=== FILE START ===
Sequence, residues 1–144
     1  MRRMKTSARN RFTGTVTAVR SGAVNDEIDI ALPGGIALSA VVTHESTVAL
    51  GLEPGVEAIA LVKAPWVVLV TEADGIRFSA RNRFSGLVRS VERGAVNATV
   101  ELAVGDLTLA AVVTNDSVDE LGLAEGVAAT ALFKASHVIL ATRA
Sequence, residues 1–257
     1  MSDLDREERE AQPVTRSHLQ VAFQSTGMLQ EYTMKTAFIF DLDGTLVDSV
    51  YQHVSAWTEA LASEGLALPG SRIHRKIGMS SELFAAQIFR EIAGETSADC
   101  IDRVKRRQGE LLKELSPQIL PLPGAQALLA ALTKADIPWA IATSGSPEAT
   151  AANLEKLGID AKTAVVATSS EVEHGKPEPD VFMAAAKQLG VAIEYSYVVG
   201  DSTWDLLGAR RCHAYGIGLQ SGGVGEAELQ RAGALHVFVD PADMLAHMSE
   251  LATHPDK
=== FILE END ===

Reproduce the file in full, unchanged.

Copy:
Sequence, residues 1–144
     1  MRRMKTSARN RFTGTVTAVR SGAVNDEIDI ALPGGIALSA VVTHESTVAL
    51  GLEPGVEAIA LVKAPWVVLV TEADGIRFSA RNRFSGLVRS VERGAVNATV
   101  ELAVGDLTLA AVVTNDSVDE LGLAEGVAAT ALFKASHVIL ATRA
Sequence, residues 1–257
     1  MSDLDREERE AQPVTRSHLQ VAFQSTGMLQ EYTMKTAFIF DLDGTLVDSV
    51  YQHVSAWTEA LASEGLALPG SRIHRKIGMS SELFAAQIFR EIAGETSADC
   101  IDRVKRRQGE LLKELSPQIL PLPGAQALLA ALTKADIPWA IATSGSPEAT
   151  AANLEKLGID AKTAVVATSS EVEHGKPEPD VFMAAAKQLG VAIEYSYVVG
   201  DSTWDLLGAR RCHAYGIGLQ SGGVGEAELQ RAGALHVFVD PADMLAHMSE
   251  LATHPDK